President Romney? Gamblers Say Don't Bet on It

Mitt Romney
Mitt Romney

With just a few hours before Election Day, America's polling industry has gone into overdrive. A handful of colleges, a slew of media outlets, and a mass of polling companies have made a business out of asking Americans who they plan to vote for, while a crop of celebrity statisticians (who ever thought those two words would go together?) have made a cottage industry out of analyzing the survey results.

While the election cycle has made virtual rock stars out of analysts like Nate Silver and Real Clear Politics, even these most famous mathmagicians and pollsters are missing one key element in their predictions: money. After all, while poll respondents are often happy to give their opinions, they rarely have anything at risk -- and certainly don't seem especially willing to put their money where their mouths are. Thankfully, a few overseas betting sites have taken polling to the next level: they're allowing customers to place wagers on outcome of tomorrow's election.

At Ladbrokes, one of the top British betting sites, a £5 wager on Obama will yield £1 if he wins. In other words, users of the site strongly believe in Obama's chances, to the extent that they aren't willing to offer attractive odds. Romney, on the other hand, offers a much bigger payoff: a £2 wager will pay out £7 if he wins.

Across British sites, these odds are fairly consistent. Betfair has 2/7 odds on Obama (a £7 wager pays £2), and 100/30 odds on Romney, while William Hill is offering 1/5 for Obama and 7/2 for Romney. And Intrade, a Dublin-based prediction market that allows users to buy "shares" in a potential winner, is predicting a 67% chance that Obama will be the next president.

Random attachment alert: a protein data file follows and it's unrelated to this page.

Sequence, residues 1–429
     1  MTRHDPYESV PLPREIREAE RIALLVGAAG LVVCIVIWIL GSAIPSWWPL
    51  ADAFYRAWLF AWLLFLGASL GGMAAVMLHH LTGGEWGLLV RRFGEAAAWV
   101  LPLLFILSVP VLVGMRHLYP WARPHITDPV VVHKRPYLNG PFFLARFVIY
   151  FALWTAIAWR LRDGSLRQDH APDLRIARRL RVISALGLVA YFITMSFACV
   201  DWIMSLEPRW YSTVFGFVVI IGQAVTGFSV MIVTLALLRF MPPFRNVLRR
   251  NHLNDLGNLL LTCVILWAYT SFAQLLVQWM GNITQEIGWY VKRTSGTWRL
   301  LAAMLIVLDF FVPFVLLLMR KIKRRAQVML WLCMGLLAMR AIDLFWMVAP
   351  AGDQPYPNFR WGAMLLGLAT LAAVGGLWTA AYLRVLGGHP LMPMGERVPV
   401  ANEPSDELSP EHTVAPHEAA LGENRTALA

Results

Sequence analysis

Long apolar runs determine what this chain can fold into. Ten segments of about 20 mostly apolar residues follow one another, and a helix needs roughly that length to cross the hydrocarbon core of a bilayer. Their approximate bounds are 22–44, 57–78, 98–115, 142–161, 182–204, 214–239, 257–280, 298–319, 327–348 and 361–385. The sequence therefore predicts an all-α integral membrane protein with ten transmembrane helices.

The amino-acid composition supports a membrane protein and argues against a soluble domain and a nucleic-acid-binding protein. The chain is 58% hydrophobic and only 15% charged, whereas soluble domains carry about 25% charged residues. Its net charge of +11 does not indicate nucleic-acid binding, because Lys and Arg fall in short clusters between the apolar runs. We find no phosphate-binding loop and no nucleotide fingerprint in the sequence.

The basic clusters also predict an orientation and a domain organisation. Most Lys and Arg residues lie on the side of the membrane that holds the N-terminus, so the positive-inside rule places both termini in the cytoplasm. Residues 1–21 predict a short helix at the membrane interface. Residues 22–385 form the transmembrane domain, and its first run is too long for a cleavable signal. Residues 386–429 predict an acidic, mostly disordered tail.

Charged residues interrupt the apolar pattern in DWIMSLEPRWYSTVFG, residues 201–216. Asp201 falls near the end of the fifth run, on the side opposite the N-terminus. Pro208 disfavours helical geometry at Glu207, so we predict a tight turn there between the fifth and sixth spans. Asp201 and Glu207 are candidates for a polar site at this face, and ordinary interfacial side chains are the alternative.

Sponsored Links

Admittedly, there are a few problems with relying on British bookies to determine the odds in an American election. To begin with, Obama has a much higher profile overseas -- a factor that is sure to skew bettors. Beyond that, Romney's stunning gaffes during the London Olympics are likely to have dimmed his star among the British. Finally, it is possible to manipulate prediction markets -- in the short term -- by placing huge bets on a particular candidate.

In the long run, however, prediction markets tend to be quite accurate at determining the probability of a certain outcome. Because money is involved, bettors are careful about their choices, and are likely to research the possibilities as much as possible. And, while it is possible to skew the odds for a brief period, a robust market with a lot of bettors tends to correct itself fairly quickly.

With only a few hours left until the polls close, we won't have to wait long to find out if Ladbrokes, Intrade and the other betting markets are accurate. And the information may prove really useful -- they're already handicapping the 2016 Presidential election. Hillary Clinton versus Paul Ryan, anyone?

Bruce Watson is a senior features writer for DailyFinance. You can reach him by e-mail at, or follow him on Twitter at @bruce1971.